It seems that it is not as slow as capturing from tape since one can reconvert in about 1/3 of the time that it took to take the video (i.e. a one hour video in 20 minutes).



Tim

Last edited by timtak; Oct 30, 2009 at 3:16 AM.
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Old Oct 30, 2009, 8:20 AM   #18
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Just one comment about that video of the African singers it looks like it was taken during the golden hour before sunset.

As with any camera still or video, taking footage in the golden hour in the morning just after dawn or in the afternoon just before sunset usually shows the best a camera can do.

I am not saying the Hd1000 isn't a great camera it is just that I would still think about the HD1010 or the HD2000. Just be aware though with the HD2000 if you shoot at 1920X1080 60 frames/sec it is going to take a fairly powerful computer to edit it.

Cheers

Robert
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Old Oct 30, 2009, 9:24 AM   #19
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I agree about the golden hour. But the footage still blows my HD2 away.

All the same, I wonder how powerful a computer is needed.

While I am aware that the HD1000, 1010, 2000 take great video, I do NOT want to convert before editing. Are there people with powerful enough computers to not want to recode/reconvert whatever, there HDx000 footage?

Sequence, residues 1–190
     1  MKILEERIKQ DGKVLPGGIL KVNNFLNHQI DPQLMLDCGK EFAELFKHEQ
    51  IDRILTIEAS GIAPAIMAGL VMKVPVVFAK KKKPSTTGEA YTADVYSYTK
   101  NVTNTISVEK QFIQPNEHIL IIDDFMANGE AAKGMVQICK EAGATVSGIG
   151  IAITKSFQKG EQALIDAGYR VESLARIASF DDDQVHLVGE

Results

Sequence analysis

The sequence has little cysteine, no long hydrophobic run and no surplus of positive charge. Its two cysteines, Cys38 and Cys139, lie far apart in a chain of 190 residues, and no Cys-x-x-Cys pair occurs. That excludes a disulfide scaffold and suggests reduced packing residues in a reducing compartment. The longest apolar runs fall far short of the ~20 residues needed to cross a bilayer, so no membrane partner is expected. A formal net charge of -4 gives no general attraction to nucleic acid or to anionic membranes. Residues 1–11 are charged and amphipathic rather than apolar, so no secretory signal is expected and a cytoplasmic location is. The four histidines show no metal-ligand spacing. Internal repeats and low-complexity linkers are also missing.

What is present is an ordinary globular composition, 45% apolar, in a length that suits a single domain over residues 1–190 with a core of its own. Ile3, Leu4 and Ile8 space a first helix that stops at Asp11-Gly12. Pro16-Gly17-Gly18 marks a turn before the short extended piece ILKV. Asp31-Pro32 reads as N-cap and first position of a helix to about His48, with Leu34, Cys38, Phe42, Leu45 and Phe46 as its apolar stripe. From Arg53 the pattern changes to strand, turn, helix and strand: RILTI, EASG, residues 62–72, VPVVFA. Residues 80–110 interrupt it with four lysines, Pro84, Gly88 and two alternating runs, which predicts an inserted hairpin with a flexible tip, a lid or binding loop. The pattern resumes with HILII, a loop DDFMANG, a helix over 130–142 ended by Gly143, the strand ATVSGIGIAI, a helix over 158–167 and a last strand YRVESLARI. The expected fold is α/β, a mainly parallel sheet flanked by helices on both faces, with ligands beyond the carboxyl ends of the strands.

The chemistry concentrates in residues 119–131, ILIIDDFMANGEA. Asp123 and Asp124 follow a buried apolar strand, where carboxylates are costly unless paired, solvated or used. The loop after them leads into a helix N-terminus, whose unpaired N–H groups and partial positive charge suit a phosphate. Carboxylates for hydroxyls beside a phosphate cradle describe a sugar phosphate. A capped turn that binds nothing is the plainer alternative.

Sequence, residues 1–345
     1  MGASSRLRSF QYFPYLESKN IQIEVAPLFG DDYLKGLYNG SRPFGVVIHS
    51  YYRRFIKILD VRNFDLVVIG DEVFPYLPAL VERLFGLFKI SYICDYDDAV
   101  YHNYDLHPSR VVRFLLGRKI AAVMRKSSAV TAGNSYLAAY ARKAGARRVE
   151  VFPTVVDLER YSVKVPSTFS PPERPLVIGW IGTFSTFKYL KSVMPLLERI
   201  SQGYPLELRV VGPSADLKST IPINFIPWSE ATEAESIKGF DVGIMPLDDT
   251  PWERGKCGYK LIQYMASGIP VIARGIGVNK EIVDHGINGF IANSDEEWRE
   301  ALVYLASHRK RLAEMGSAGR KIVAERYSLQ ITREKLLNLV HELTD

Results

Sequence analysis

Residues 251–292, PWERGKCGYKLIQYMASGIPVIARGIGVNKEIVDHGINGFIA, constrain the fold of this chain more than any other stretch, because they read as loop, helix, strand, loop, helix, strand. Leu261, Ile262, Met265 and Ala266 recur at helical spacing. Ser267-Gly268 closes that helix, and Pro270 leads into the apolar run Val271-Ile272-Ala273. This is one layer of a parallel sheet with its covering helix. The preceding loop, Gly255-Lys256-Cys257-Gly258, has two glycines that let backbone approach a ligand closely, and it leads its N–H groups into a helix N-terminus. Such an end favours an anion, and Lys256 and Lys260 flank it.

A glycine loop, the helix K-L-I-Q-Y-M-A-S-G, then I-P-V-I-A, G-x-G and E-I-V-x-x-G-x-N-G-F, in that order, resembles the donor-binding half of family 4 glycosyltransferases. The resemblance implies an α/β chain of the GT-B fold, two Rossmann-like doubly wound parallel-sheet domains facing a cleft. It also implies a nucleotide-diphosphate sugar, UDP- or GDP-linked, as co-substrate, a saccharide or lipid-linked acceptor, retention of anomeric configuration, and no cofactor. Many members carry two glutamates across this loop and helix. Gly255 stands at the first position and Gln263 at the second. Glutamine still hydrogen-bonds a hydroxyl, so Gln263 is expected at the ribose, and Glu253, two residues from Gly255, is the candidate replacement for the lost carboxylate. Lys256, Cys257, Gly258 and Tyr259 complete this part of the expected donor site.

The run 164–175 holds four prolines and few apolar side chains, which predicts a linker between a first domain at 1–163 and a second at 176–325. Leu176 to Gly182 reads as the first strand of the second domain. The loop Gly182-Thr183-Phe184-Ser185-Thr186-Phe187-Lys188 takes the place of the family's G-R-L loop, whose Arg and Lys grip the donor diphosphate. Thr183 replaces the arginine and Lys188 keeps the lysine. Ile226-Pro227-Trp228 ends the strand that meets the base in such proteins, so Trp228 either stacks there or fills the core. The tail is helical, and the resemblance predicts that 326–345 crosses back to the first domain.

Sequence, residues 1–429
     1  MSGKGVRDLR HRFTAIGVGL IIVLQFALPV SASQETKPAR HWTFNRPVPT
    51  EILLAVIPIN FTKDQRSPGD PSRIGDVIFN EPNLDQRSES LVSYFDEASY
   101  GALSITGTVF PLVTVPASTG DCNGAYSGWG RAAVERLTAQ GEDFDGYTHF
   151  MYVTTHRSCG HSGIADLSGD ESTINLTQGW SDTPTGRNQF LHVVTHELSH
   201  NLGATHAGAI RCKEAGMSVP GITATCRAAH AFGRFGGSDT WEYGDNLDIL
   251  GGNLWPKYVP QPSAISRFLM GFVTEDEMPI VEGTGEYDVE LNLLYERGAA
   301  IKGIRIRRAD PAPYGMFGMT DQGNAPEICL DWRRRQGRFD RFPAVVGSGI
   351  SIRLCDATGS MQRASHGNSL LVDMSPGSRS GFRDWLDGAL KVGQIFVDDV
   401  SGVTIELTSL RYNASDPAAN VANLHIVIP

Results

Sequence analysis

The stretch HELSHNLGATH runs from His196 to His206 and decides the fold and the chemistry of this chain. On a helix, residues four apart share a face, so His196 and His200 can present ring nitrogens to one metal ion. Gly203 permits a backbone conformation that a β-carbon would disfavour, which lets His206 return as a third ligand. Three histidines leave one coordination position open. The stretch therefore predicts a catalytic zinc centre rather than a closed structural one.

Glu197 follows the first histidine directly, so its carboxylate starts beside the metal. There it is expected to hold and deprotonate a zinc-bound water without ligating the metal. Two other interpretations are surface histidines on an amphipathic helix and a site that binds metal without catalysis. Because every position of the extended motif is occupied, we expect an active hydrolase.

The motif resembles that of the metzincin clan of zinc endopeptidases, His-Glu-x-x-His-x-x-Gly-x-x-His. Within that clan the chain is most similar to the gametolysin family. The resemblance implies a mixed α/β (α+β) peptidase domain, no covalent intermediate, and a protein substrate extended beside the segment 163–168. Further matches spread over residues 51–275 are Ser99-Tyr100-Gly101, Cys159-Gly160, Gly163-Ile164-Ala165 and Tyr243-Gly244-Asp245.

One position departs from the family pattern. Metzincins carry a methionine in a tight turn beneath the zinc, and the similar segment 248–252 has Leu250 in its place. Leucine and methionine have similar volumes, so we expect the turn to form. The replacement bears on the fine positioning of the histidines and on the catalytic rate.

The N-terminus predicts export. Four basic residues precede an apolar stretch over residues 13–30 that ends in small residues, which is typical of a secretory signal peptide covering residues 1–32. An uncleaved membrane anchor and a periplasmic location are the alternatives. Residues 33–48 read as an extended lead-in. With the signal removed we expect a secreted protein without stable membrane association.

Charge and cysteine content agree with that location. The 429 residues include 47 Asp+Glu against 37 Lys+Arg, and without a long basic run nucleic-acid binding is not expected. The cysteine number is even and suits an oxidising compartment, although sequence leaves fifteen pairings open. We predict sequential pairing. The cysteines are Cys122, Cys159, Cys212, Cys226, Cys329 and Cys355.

I have about 1600 USD of budget that I could spend on a non-brand, get-the-computer-shop-to-make-it, computer. Perhaps I could get a dual or quad pentium at about 4GHz and lots of memory and if it helps a good video card. Would my 1600 USD buy me a computer that could play and edit HDx000 video or would I still be reconverting?

By the way on my Dual pentium 3.5GHz with 2GB ram the quicktime playback is still jerky, even when I make the playback area about the size of a cigarette packet.

Last edited by timtak; Oct 30, 2009 at 9:36 AM. Reason: add a bit about quicktime
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Old Oct 30, 2009, 6:25 PM   #20
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Regarding the power of your computer a good quad core should do it. Remember though if you go with 32 bit windows it will only see just over 3 gig of ram no matter how much ram you have in your system. You need to go to 64bit Windows to see up to 32 gig of ram.

More importantly these days is a good graphics card. Editing software now has the option of passing off the editing and viewing of HD video to the graphics cards for faster and smoother editing. With Nvidia cards it is called CUDA. Ati cards can do the same thing but I don't know that they call it.

You don't need an ultra powerful video card, if you check the card websites you will find a list of their cards that support video editing. I have a Nvidia 9800GT video card that is about 3 years old and it handles my HD1010 video fine.

Cheers

Robert